What of the fermenting cuvées? Well the Beaune 1er Cru Les Cras has already 98% completed its alcoholic fermentation. The colours are actually very good, but the tannins are a little on the low side so more extraction will be tried. It’s actually very hard to judge the balance as there is a lot of malic acid (tartaric also) so we will have to wait a while.

And some notes from our winemaker friend in Morey St.Denis:

“What a heterogeneous harvest.

I have brought in 4 ha of fruit, the sugars are all over the place. Even within an appellation, I have a variation of 1°! We also have a smaller yield than estimated, but the quantities are decent. I can’t stall the harvest like Dominique though, my team is going back to school, and my drivers back to work. I’m afraid of rain, but I might stall the whites until next week. The Vegetation is dormant now, the only degrees I’ll get is with evaporation.

I have an average of 12° for everything which is correct. We’ll see how it goes in the tanks…

Our tannins are low, acids are high, I think that with some good work though we’ll get a decent wine in, the must is tasty, wild strawberries, blueberries, iron, licorice. I am hoping to get some nice spices in the end of fermentation. I am in the beginning of fermentation, I’m favoring a cold extraction, and good news, no smelly grapes this year for me.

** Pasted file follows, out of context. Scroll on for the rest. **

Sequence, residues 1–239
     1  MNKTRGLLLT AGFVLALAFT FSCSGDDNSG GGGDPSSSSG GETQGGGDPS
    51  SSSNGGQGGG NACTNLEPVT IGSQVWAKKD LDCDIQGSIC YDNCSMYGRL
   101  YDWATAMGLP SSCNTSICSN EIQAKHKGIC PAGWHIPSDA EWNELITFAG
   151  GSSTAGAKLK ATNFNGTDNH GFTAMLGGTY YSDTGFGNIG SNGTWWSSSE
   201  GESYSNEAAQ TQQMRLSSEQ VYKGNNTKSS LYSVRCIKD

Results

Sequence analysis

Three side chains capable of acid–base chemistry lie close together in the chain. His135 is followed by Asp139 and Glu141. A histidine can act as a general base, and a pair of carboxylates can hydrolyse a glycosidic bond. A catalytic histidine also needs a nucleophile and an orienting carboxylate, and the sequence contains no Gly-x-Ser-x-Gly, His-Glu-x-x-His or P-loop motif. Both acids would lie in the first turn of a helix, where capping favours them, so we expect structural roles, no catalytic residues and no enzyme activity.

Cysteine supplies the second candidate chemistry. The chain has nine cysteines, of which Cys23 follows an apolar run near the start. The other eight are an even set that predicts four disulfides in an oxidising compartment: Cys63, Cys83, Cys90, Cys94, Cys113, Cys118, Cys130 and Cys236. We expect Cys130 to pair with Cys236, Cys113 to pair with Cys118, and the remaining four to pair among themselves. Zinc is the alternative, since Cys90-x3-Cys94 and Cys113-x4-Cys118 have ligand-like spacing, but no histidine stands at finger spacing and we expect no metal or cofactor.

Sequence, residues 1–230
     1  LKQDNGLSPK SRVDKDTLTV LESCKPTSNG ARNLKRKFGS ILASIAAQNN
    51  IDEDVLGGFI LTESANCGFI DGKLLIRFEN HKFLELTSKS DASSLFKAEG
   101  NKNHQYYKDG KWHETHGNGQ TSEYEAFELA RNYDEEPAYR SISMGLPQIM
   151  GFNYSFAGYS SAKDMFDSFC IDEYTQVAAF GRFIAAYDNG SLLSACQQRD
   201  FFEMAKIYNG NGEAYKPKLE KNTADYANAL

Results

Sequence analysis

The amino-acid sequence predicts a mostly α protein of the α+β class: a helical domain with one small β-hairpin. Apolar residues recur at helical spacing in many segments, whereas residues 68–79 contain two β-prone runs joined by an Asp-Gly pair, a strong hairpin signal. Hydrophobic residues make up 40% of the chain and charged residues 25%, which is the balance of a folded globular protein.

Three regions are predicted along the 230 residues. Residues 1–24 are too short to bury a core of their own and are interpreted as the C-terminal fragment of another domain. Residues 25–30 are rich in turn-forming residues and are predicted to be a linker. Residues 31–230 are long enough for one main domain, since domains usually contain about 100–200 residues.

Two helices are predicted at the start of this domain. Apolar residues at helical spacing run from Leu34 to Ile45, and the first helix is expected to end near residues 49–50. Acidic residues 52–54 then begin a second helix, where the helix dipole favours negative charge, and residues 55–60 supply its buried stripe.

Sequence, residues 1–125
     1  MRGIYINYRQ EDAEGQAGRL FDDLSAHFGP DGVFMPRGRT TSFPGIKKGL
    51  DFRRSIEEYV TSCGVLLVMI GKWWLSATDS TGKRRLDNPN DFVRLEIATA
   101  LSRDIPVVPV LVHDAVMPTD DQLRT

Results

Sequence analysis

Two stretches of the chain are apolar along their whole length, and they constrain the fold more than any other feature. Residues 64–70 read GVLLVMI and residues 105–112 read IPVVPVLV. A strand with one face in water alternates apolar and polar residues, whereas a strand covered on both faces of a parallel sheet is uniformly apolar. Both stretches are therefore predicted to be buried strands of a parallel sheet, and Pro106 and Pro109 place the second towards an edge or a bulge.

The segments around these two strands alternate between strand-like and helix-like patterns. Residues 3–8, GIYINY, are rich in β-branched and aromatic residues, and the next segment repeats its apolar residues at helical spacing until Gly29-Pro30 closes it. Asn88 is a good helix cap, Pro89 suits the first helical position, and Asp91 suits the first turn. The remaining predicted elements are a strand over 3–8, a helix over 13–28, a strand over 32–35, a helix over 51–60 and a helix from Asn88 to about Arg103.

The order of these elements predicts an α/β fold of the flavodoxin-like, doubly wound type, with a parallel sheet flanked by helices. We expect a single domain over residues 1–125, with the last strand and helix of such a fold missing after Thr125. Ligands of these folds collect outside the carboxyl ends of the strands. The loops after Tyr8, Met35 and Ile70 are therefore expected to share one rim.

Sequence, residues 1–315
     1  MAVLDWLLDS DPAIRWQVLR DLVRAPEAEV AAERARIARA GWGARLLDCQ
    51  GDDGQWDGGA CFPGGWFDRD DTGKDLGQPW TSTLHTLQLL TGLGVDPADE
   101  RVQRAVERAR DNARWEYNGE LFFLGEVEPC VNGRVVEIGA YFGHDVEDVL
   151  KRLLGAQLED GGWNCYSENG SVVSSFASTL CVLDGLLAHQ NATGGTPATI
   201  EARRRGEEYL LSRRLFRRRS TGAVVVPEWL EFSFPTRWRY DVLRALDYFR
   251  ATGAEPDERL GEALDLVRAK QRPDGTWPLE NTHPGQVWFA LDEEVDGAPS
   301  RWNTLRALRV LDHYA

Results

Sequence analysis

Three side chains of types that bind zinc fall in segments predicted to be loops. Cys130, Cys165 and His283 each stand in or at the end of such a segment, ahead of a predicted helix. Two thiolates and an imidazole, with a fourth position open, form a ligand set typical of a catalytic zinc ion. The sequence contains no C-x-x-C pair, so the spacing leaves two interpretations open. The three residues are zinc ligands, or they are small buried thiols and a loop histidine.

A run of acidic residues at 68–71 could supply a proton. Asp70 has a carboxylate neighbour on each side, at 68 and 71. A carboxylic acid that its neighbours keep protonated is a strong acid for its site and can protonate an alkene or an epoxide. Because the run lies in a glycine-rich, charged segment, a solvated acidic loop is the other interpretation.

I’ll send in more profound tasting notes in a few days. 1 or 2 days of soak are not enough, and I did have some shot berries and raisining in some vines.”

4th september – smells, no whites & improving nuits

By billn on September 04, 2007 #vintage 2007

chardThe weather is amazing; the few drops of rain in Beaune yesterday came to nothing, but today it’s sunny, the north wind is blowing – and it’s cold! It really is like an an October harvest even though were are in the first week of September. The home team boss is even joking about making a ‘selection grains nobles’ from Corton-Charlemage!

As I mentioned the Charlemagne, what of the whites? Well apparently they are still not ripe enough – Dominique Lafon has put off his harvest to next week, many, if not most, will follow suit.

I asked a few more questions about the smelly Taillepieds: